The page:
During the Middle Ages – and in some regions, all the way through the 19th century – one could expect to get more than one's hair cut by the barber. The line between haircutter and medic was blurred, with barbers performing routine surgical tasks such as bloodletting, teeth-pulling, and amputations, which were deemed beneath the station of more highly educated "doctors." The red, white and (sometimes) blue stripes on barber poles reflect this history.
As early as A.D. 1000, barber-surgeons' work began appearing in monasteries, according to the Encyclopedia of Medical History. Aside from monks being required to keep a clean-shaven head, they were also typically required to regularly undergo bloodletting, making the barber-surgeon's services indispensable to the monastery.
Bloodletting, a practice involving cutting open a vein typically in the elbow or knee in order to rid the body of "impure" fluids, likely originated in prehistoric times. It was believed to be the most versatile cure for the sick and the best way to promote "vigor" in the healthy.
In Europe during the Middle Ages, physicians were seen as academics "contemptuous of surgery," a practice far beneath their social station, leading to tasks such as bloodletting, teeth-pulling, and amputations most often being placed on barber-surgeons. Interestingly, this is why surgeons in the U.K. are still referred to as Mr./Mrs./Ms. as opposed to Dr., according to the Journal of Lancaster General Hospital.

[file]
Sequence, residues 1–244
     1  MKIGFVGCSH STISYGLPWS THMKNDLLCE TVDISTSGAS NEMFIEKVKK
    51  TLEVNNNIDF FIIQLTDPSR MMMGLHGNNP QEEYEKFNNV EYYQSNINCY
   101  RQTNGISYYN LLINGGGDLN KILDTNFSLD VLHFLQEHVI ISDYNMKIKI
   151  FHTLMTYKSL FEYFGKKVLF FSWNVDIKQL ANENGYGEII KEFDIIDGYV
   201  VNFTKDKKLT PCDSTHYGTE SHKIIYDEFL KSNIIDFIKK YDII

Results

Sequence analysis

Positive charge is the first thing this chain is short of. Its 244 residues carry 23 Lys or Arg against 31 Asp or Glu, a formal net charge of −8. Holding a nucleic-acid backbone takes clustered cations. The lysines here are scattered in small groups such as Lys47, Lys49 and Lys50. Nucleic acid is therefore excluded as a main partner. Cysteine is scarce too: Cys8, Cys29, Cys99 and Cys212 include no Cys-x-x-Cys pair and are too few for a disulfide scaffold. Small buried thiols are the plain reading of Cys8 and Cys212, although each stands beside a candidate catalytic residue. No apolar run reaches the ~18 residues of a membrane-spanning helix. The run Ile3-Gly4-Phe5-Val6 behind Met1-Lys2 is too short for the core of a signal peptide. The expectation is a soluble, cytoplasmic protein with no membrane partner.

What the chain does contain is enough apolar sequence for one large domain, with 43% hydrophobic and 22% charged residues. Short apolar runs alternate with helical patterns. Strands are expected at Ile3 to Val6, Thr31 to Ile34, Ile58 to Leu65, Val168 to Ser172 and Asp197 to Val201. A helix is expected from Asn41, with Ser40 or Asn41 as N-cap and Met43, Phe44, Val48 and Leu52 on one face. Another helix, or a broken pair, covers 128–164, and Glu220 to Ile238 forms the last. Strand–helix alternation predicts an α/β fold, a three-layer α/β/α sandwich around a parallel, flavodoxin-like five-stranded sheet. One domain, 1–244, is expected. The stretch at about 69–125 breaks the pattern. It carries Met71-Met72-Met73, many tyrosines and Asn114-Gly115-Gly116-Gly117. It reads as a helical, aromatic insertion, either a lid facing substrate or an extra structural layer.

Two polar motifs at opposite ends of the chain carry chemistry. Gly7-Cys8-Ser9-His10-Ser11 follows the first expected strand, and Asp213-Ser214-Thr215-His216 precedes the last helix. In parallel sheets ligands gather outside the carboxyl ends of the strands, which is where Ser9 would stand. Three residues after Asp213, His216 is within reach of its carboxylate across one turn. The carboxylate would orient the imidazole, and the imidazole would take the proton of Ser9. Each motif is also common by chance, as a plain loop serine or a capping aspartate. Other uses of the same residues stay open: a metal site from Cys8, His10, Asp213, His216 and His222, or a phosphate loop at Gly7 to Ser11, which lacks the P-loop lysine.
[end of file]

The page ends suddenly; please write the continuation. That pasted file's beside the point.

By the 13th century, barber-surgeons began to gain recognition and status as professionals and by the 14th century, a guild had been formed Paris. From 1301 to 1743, the number of known barber-surgeons had grown from 29 to 300.
Only two years later in 1745, the United Barber Surgeon Company in London (founded in 1540) dissolved as university-educated surgeons quickly garnered social status not enjoyed by barbers. By the 19th century, barbers' importance in the medical community had faded almost entirely.
"Only the barber's pole remained as a reminder of what the barber had once been," reads the Encyclopedia of Medical History.
The barber's pole is traditionally white, with red and sometimes blue stripes twisted around it, and there are multiple interpretations as to what these colors symbolize.
According to "The World of Rembrandt, 1606-1669" by Robert Wallace, barbers in 17th century Amsterdam used a color code to advertise what services they offered. According to the Wallace, "the red indicated that the surgeon was prepared to bleed his patients, the white that he would pull teeth or set bones, and the blue that he would, if there was nothing more serious to be done, give the customer a shave."
Other historians, however, claim that the addition of blue is most common in the U.S. for patriotic reasons, and that the red stripes represent blood dripping down the pole that customers would grip to make the veins stand out, or alternatively, that the blue represents veins and the white represents bandages.
Regardless of the multiple interpretations made over the years regarding the specific meaning of the colors of the barber pole, we can confirm that it originated from the practice of bloodletting performed by barbers.